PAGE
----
Roman house and phallic amulets unearthed in Israel
Archaeologists working at the site of Omrit in northern Israel have uncovered a Roman house dating back around 1,900 years.
|The 1,900-year-old house containing scenes of nature is part of a much larger archaeological site called Omrit |
[Credit: Dan Schowalter]
Bizarrely, the archaeologists also found a layer of penis-shaped amulets on top of the house, which were often worn to prevent misfortune.
Researchers from Carthage College in Wisconsin discovered the house in Israel, which they believe dates back to the late first or early second century AD.
Speaking at a conference in Toronto, Professor Daniel Schowalter, who led the excavation, said: 'The floor [of the house] was plastered and its walls were covered in frescoes.'
|Roman Bone phallic amulets from Syria or Israel ca. 1st-3rd century |
[Credit: ELO Gallery]
But speaking to Live Science, Professor Schowalter said: 'One would guess that it might have been commissioned by a Roman official who was stationed in the area, but it could also be the home [of] a local elite who adopted some traditional Roman motifs in decoration.'
So far, the researchers have only excavated part of the house but plan to return to the site to learn more about the ancient ruins.
Professor Schowalter said that the excavated area 'was probably a courtyard, since the doorway we have opens into the 'house' proper. In other words, you could be locked out in that area.'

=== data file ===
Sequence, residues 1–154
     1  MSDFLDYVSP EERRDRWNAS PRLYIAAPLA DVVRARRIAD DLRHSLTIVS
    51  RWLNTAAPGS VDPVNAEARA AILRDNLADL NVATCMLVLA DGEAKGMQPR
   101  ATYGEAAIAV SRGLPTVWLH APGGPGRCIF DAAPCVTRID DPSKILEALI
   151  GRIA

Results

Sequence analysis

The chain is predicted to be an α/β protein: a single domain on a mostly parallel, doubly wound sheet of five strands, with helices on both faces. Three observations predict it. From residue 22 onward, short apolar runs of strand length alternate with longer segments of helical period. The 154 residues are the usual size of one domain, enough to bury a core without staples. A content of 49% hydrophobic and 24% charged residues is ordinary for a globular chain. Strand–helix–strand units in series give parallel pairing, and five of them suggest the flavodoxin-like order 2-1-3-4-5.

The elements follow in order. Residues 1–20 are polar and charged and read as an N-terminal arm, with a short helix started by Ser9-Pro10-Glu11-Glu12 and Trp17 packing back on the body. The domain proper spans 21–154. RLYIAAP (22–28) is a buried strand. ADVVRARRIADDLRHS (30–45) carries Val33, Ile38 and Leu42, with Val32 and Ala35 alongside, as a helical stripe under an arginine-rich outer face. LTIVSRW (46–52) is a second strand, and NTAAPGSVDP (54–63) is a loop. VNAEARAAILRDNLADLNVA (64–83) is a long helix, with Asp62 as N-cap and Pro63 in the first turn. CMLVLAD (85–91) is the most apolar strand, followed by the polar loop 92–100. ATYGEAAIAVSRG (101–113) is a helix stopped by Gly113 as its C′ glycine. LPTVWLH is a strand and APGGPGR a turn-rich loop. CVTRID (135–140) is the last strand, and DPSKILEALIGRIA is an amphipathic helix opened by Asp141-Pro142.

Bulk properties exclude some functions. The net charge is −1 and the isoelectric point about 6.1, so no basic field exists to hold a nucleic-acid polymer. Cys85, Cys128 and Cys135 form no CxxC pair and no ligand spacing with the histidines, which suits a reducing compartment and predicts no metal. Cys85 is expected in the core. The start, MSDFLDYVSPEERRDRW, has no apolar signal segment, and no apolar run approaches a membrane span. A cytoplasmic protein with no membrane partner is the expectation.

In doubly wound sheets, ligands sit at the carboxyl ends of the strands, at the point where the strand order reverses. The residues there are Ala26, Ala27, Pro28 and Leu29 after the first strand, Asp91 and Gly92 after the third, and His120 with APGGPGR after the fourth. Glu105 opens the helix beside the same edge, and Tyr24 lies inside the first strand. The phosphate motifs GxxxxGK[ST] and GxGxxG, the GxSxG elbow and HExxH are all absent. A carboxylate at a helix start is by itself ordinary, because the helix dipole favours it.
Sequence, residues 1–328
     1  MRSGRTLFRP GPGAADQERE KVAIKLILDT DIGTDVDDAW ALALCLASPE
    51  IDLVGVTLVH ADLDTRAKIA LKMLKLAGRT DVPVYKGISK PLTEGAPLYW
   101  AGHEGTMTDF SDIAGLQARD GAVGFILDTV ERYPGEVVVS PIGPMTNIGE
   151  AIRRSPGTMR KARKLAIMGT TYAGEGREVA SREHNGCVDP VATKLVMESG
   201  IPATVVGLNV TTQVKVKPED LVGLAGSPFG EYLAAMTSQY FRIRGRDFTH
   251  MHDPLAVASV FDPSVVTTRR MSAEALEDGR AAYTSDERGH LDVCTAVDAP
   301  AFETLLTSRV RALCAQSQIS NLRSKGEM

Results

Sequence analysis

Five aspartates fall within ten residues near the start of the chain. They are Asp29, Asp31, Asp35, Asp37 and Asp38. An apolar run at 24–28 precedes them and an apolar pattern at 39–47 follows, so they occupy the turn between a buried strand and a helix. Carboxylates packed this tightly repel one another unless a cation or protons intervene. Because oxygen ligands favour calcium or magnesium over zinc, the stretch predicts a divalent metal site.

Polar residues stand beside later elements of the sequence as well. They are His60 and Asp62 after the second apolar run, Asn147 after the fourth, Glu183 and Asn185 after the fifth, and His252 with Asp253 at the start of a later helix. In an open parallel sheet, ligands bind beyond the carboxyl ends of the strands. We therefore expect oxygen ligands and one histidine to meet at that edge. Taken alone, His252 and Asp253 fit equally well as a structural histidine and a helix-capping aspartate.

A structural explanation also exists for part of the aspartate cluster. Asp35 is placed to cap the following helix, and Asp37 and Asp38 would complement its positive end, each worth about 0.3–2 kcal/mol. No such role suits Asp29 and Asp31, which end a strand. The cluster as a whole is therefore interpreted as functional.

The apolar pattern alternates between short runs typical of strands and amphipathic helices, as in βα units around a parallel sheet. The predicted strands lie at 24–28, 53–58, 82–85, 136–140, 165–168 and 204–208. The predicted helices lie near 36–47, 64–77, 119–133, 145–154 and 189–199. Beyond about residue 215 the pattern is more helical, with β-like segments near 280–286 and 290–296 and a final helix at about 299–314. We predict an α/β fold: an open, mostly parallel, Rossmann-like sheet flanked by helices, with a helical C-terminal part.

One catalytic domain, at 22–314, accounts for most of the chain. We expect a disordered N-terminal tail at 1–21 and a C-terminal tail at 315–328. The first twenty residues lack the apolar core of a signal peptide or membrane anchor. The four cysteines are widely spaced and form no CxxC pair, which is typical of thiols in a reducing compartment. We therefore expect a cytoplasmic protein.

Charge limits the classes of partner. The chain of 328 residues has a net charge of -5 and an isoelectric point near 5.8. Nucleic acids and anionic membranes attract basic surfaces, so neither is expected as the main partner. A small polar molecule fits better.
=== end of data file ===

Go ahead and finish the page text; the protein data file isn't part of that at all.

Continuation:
|Two ducks huddled together can be seen in this fresco, which was discovered in a 1,900-year-old house in Israel |
[Credit: Dan Schowalter]
Amongst the fill were several phallus-shaped amulets. Phalluses were common symbols in Roman culture, particularly in the form of the fascinum - a phallic charm.
Bronze wind chimes called tintinnabula that featured the phallus, were produced in Pompeii to ward off the evil eye and other malevolent influences.
Penises were also carved onto doorways in the city, while statues of Priapus - god of fertility, himself often shown with a massive member - guarded gardens.
It was not unusual for Roman boys to wear the bulla – a protective amulet that contained a phallic charm - until they formally came of age.
A sacred phallus was among the objects considered vital to the security of the Roman state which were in the keeping of the Vestal Virgins in Rome.
Author: Shivali Best | Source: Daily Mail [February 23, 2017]